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Knitting Tutorial: Stitch Deconstruction Series -- Garter Stitch
It's never a bad time to go back over the basics, especially with the chance to dig deep into the foundation stitches of our work! In part one of the Stitch Deconstruction Series we'll go over the characteristics of garter stitch, as well as review how to actually count those stitches and rows!
Garter stitch is the easiest of all knitting stitches because, simply, you are knitting every single row (unless you like to be different and choose to purl every single row). Row after row, hour after hour, it is easy to get lost in the simple joy that is the knit stitch.
The main advantage of garter stitch is that it lies perfectly flat without any worries of rolling or curling at the edge. It is quite elastic lengthwise and super expansive widthwise. Those characteristics allow it to pull firm to the body, conforming to different shapes. This makes it ideal for blankets, button bands, vertical borders and even old-fashioned garters for your stockings.
However, remember I said it was expansive? Yeah, it can keep expanding quite rapidly, causing significant flaring if used in horizontal borders. It will keep expanding, unfortunately, each time it is worn, so it won't be long before a small sweater becomes a large one.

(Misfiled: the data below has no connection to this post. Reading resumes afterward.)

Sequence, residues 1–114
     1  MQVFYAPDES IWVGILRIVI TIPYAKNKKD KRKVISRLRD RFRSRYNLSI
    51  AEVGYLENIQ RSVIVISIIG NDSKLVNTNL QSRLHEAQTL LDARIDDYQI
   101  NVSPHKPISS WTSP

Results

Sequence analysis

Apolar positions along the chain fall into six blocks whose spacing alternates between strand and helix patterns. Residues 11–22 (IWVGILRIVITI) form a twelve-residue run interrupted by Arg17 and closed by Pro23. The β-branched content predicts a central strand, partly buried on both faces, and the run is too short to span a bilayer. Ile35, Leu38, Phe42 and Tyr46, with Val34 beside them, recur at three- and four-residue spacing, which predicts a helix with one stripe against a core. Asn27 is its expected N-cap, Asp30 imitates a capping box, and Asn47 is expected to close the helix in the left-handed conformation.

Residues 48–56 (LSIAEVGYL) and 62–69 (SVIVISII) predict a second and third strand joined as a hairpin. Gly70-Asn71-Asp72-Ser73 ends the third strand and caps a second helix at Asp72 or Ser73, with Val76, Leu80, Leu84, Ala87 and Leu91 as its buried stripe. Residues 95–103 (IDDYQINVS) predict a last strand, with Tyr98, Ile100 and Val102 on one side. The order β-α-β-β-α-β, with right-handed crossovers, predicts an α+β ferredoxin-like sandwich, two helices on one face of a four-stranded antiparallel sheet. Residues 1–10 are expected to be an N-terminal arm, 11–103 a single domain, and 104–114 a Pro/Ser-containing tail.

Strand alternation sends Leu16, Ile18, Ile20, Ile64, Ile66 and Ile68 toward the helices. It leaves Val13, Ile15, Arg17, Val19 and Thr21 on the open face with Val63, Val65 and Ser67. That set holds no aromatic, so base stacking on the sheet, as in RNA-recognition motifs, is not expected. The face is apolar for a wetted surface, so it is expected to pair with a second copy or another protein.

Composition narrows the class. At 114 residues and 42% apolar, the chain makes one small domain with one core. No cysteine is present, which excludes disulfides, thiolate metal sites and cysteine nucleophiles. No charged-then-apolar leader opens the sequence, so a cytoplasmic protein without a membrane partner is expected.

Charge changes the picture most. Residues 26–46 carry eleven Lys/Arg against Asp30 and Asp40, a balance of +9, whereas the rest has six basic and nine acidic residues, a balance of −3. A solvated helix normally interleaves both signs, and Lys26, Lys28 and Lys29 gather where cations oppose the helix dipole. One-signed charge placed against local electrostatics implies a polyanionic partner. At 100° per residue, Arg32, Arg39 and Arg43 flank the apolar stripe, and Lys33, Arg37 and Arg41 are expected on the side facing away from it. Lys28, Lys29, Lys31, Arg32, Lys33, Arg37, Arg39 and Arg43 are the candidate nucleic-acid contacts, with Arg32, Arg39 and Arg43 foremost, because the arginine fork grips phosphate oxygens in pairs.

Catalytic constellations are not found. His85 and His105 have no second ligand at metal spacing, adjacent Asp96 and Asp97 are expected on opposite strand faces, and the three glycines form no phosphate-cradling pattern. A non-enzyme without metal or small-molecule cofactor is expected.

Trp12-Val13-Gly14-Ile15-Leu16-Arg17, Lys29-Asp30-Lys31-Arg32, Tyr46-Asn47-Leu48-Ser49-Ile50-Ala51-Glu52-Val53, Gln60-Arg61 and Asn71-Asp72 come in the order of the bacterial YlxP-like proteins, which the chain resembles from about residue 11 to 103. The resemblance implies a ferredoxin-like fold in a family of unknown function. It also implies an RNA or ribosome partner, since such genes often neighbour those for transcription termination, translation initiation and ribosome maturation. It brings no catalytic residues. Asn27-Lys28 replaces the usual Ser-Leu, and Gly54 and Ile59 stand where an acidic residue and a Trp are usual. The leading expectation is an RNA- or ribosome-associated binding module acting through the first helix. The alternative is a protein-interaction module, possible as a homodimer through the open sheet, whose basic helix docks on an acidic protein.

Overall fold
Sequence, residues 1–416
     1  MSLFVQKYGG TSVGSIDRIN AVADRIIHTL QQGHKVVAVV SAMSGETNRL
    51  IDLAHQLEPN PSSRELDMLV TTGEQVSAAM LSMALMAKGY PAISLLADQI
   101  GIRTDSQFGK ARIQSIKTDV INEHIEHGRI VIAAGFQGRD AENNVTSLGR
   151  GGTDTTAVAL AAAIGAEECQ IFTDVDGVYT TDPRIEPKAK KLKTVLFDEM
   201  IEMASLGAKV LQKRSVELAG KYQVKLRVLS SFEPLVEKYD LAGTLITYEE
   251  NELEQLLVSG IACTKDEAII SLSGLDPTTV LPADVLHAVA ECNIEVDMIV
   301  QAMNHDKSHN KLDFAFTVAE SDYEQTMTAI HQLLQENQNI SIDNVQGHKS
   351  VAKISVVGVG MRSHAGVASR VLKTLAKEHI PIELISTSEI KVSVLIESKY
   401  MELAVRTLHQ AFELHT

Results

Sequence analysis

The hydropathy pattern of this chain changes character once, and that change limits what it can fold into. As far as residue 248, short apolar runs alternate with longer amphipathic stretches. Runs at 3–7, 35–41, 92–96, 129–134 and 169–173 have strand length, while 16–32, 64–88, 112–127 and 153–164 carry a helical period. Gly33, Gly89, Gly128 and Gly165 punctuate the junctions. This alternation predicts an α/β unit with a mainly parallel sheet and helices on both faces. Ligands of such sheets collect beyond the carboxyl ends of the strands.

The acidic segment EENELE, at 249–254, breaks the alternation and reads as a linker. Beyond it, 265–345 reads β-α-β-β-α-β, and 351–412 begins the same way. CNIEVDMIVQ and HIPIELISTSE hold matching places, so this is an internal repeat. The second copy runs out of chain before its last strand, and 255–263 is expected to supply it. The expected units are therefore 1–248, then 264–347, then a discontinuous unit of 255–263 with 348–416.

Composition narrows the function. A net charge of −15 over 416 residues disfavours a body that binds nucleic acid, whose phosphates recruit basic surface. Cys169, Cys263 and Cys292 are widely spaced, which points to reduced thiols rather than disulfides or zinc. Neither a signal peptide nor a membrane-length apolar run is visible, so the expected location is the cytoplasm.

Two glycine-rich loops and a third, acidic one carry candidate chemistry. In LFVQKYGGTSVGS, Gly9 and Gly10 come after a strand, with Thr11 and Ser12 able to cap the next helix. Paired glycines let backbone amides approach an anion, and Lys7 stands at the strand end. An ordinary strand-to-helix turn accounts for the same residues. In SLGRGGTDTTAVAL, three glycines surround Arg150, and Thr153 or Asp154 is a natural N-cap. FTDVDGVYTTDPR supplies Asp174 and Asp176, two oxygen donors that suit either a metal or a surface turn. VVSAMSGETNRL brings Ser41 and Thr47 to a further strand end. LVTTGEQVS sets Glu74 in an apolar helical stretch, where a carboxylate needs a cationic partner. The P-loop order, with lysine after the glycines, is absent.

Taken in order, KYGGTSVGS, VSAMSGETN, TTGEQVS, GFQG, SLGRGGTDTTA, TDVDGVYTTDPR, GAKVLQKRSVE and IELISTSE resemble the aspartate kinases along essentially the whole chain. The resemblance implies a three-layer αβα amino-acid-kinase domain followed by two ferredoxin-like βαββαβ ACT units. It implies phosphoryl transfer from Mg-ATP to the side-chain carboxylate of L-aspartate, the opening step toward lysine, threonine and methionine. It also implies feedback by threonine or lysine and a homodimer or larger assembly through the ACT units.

When you need warmth, squish, delightful texture and a comforting feel, garter stitch is definitely your ticket for pleasure. But it can be a little tricky to understand the stitch and row counts for this bumpy stitch, so here's how to count for any project you have:
Stitches: Each little frown (you know, the smile that is upside down?) counts as one stitch.
Rows: There are two methods for counting rows in garter stitch.
Method 1 -- Every V-shaped (flat) row alternates with a curved row, so it almost looks like one row of stockinette stitch and one row of reverse stockinette stitch. You might need to stretch out your knitting to see better, but essentially, the interlocking frowns and smiles counts as one row, and the smooth, partial "V" is the second row.
Method 2 -- The most popular way to count is by looking at the ridges (those interlocking smiles and frowns) as two rows.
Another trick for your garter stitch knitting is with the help of a locking stitch marker. Because garter stitch is reversible, it can be hard to tell which side is the right side versus the wrong side (which can cause you to get confused in your row counting), so just stick that stitch marker on the right side of your knitting!
What do you think about garter stitch? How often do you use it in your knitting? I'd love to know! Tune in next issue for the next part in the Stitch Deconstruction Series when we'll look at stockinette stitch.